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Old 05-17-2019, 07:20 AM   #1
maidenfan84
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Why remove emissions cannister?

The cannisters are pretty standard on everything now it seems, but wondering why people decide to remove them on their bikes? Anything to gain aside from aesthetics? Not sure I understand the point of people doing that.

Last edited by maidenfan84; 05-17-2019 at 07:21 AM..
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Old 05-17-2019, 07:23 AM   #2
jeosbor1
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Canister, hoses, valves and crap was worth about 5 pounds of weight coming off the bike.
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Old 05-17-2019, 08:04 AM   #3
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And often the stuff gets in the way when you are trying to work on the bike. Along with the cannister filling up with fuel on tip overs....
But it's illegal to remove them. Most shops won't now.

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Old 05-17-2019, 08:17 AM   #4
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Simiplifies things, weight savings, and if you're planning on doing a proper tune (for offroad use of course), especially with the cat removed, you'll need to remove the emissions crap.
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Old 05-17-2019, 08:17 AM   #5
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if you overflow the tank, fuel can enter the canister and it can be a source of hard starting.

Had an R1100RT that started much more easily once I removed it.
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Old 05-17-2019, 09:18 AM   #6
maidenfan84
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Only been around bikes older than the last few years before it was a 50 state standard across the board and being from the Midwest, we never had to deal much with bikes that have the emissions set up on them. Don't even know how people remove them, for off-road purposes, since it seems like a rats nest of tubes and connections. Interesting to read the responses about them filling up with fuel, causing hard starts, etc.
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Old 05-17-2019, 09:23 AM   #7
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depends on the bike.

On some bikes it's a giant black brick on the side that is ugly.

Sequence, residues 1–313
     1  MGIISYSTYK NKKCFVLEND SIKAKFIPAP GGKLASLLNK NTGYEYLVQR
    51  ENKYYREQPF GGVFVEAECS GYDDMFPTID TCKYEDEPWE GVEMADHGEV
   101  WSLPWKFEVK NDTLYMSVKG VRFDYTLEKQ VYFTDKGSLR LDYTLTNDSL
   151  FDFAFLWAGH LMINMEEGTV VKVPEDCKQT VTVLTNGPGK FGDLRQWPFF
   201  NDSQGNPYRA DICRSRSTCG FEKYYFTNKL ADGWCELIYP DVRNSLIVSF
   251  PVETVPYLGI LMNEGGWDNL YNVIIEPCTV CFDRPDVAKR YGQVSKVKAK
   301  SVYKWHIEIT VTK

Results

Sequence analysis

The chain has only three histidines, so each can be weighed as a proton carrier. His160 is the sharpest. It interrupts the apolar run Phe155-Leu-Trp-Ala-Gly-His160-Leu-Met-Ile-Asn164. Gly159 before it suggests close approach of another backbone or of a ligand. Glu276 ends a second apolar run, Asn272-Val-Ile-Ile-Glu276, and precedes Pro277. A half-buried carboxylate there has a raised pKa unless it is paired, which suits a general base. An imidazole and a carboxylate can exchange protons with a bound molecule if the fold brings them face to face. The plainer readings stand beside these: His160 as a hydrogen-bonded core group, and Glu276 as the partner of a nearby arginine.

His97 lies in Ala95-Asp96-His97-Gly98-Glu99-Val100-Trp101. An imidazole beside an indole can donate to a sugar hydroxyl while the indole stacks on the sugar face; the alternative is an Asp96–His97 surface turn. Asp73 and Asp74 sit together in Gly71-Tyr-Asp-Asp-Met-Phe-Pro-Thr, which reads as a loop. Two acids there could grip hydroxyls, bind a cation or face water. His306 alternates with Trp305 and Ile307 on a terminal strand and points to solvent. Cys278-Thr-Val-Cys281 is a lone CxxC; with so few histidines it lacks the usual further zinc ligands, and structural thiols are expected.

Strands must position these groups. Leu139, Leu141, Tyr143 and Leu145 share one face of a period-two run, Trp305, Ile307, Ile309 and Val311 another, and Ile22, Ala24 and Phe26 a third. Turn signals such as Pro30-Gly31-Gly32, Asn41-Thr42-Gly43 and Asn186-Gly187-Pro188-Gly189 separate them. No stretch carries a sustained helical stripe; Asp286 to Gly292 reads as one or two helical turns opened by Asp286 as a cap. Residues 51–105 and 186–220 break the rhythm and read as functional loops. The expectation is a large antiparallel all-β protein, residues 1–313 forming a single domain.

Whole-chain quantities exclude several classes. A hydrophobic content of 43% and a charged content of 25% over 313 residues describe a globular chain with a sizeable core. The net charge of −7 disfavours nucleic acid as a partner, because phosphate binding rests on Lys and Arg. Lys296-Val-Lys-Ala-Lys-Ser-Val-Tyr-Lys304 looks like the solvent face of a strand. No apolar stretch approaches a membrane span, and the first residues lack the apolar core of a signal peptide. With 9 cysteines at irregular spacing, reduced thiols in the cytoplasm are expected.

On some bikes it affects fueling and can cause rough running, stalling, hard starting.

On others it is not a problem and hidden, but people remove it anyway because emissions are cool.
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Old 05-17-2019, 09:44 AM   #8
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because you hate clean air. Or so I'm often told by bay area barf residents in regards to other vehicles. Typically the same ones who complain about farmers growing almond trees.
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Old 05-17-2019, 09:46 AM   #9
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On my Tiger 800 the kickstand is the first hard part to drag on left hand corners. It's possible to move it inboard of the frame to gain more clearance, but the evap canister is in the way. So that's why I removed it.
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Old 05-17-2019, 12:41 PM   #10
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Remove and store all your emissions in a box marked Foo Foo Ra because
you may be required to reinstall all of it in the future... meanwhile
enjoy your ride because now you saved weight and plug possible
troublesome air leaks...
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Old 05-17-2019, 02:13 PM   #11
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Originally Posted by Busy Little Shop View Post
Remove and store all your emissions in a box marked Foo Foo Ra because
you may be required to reinstall all of it in the future... meanwhile